The first thing many of us think about when it comes to the future relationship between artificial intelligence (AI) and cybersecurity is Skynet from the “Terminator” movie franchise. But I spoke with Dudu Mimram, the CTO at Telekom Innovation Laboratories when I was in Israel earlier this month, and he has a somewhat rosier view. He suggested that AI must be understood across a broader landscape, regarding how it will influence cybersecurity and how IT can use AI to plan for future security technology purchases.You can read my blog post in IBM’s Security Intelligence here.
The days when users are required to remember numerous complex passwords may be coming to an end, as single sign-on (SSO) technologies are finally taking hold in state and local agencies. SSO tools provide a number of valuable security benefits. Among them are to better bridge the gap between cloud and on-premises servers, applications and services and they help agencies prevent the proliferation of bad passwords. You can read more details in this first piece for StateTech magazine.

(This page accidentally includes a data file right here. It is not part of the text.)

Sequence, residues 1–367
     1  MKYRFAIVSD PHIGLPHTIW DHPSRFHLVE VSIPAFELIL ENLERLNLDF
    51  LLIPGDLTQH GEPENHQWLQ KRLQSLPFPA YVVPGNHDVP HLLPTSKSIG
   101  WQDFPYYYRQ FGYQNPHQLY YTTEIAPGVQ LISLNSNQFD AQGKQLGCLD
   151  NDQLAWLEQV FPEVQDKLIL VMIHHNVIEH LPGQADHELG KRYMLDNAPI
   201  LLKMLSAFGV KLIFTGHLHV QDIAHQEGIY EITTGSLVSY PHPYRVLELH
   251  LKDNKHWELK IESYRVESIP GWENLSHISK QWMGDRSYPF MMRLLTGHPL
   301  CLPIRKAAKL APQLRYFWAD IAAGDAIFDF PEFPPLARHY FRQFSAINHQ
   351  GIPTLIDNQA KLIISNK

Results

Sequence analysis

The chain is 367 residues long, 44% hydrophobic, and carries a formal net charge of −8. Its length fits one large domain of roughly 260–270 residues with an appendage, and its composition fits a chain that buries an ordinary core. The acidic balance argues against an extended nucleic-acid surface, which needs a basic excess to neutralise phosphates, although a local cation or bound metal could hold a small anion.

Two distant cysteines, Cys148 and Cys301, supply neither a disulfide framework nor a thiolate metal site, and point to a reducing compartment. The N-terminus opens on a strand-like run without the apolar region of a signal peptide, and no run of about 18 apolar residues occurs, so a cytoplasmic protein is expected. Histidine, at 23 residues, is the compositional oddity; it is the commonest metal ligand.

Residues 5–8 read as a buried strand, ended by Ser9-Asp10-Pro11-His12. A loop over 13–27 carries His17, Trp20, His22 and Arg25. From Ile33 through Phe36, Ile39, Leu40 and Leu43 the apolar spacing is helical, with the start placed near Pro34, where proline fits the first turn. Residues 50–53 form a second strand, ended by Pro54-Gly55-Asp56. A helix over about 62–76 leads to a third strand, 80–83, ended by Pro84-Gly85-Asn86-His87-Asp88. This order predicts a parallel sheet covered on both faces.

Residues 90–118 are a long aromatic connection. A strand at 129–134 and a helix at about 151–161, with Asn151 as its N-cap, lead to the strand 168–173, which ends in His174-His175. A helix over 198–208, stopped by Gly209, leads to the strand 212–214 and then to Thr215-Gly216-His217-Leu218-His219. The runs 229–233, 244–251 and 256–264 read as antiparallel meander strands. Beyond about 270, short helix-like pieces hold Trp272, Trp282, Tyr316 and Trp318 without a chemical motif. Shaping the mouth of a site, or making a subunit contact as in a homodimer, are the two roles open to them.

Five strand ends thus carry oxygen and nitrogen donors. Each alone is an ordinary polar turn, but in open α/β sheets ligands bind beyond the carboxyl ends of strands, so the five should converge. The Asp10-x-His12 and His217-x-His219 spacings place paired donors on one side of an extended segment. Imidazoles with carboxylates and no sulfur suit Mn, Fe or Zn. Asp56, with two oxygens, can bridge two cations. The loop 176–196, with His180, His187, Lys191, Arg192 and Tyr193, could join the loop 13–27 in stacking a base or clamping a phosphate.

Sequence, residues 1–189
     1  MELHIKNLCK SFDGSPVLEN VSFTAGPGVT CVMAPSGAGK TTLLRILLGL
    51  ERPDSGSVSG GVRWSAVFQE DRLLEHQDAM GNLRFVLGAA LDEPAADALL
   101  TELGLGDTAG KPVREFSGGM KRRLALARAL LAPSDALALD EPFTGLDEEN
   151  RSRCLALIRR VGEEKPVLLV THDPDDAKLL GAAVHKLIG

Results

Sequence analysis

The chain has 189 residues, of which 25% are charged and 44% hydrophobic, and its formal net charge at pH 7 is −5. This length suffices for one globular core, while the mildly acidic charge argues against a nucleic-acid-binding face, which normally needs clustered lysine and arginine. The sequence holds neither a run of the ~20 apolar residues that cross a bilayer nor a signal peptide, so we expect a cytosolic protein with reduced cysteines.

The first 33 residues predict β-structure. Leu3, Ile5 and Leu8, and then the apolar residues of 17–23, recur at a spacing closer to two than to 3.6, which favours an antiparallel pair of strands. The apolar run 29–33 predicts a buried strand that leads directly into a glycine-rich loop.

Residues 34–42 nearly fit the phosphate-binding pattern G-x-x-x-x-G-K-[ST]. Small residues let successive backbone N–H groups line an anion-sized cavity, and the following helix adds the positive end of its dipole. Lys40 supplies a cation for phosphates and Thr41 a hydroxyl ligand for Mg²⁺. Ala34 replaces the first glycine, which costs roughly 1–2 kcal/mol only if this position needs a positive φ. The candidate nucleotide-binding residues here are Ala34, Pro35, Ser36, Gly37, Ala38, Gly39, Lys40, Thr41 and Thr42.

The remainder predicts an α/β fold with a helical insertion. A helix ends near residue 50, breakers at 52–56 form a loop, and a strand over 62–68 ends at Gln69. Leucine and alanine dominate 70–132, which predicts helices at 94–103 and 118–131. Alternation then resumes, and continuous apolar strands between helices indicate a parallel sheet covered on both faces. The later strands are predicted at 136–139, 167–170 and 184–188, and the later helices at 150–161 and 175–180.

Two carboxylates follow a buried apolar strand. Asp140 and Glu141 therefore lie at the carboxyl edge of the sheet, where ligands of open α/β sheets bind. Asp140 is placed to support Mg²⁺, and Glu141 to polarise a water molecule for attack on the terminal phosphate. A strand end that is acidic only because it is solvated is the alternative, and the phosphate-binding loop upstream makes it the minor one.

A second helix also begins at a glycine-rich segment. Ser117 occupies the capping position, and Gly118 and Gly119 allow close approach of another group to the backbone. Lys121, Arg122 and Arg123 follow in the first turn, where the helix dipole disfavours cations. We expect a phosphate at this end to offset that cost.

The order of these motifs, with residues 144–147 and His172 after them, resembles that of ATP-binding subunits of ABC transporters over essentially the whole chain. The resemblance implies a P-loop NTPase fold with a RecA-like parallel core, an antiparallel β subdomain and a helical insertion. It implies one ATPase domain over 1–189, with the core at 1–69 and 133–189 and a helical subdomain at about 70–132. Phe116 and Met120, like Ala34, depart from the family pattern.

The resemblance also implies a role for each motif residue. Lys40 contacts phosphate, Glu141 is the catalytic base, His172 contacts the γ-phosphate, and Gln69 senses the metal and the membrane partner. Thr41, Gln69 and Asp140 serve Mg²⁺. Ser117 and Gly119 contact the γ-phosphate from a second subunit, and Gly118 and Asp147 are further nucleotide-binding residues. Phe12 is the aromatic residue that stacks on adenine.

Several factors have brought this about: better technology, a wider selection of identity management tools, lower-cost SSO alternatives and a heightened awareness of massive password breaches. State and local agencies should keep several important factors in mind as they consider SSO solutions, as I wrote about in a second article for StateTech magazine recently.
My most recent comparative review for Network World on SSO tools was done in 2015 and gave Centrify (shown here) and Okta the highest marks.
Ever wonder why some cyber security firms are constantly in the news? Do they offer a better solution? Know more than their competition? Do the heavy-lifting research that differentiates and substantiates their spokespeople in the minds of the media? Could be.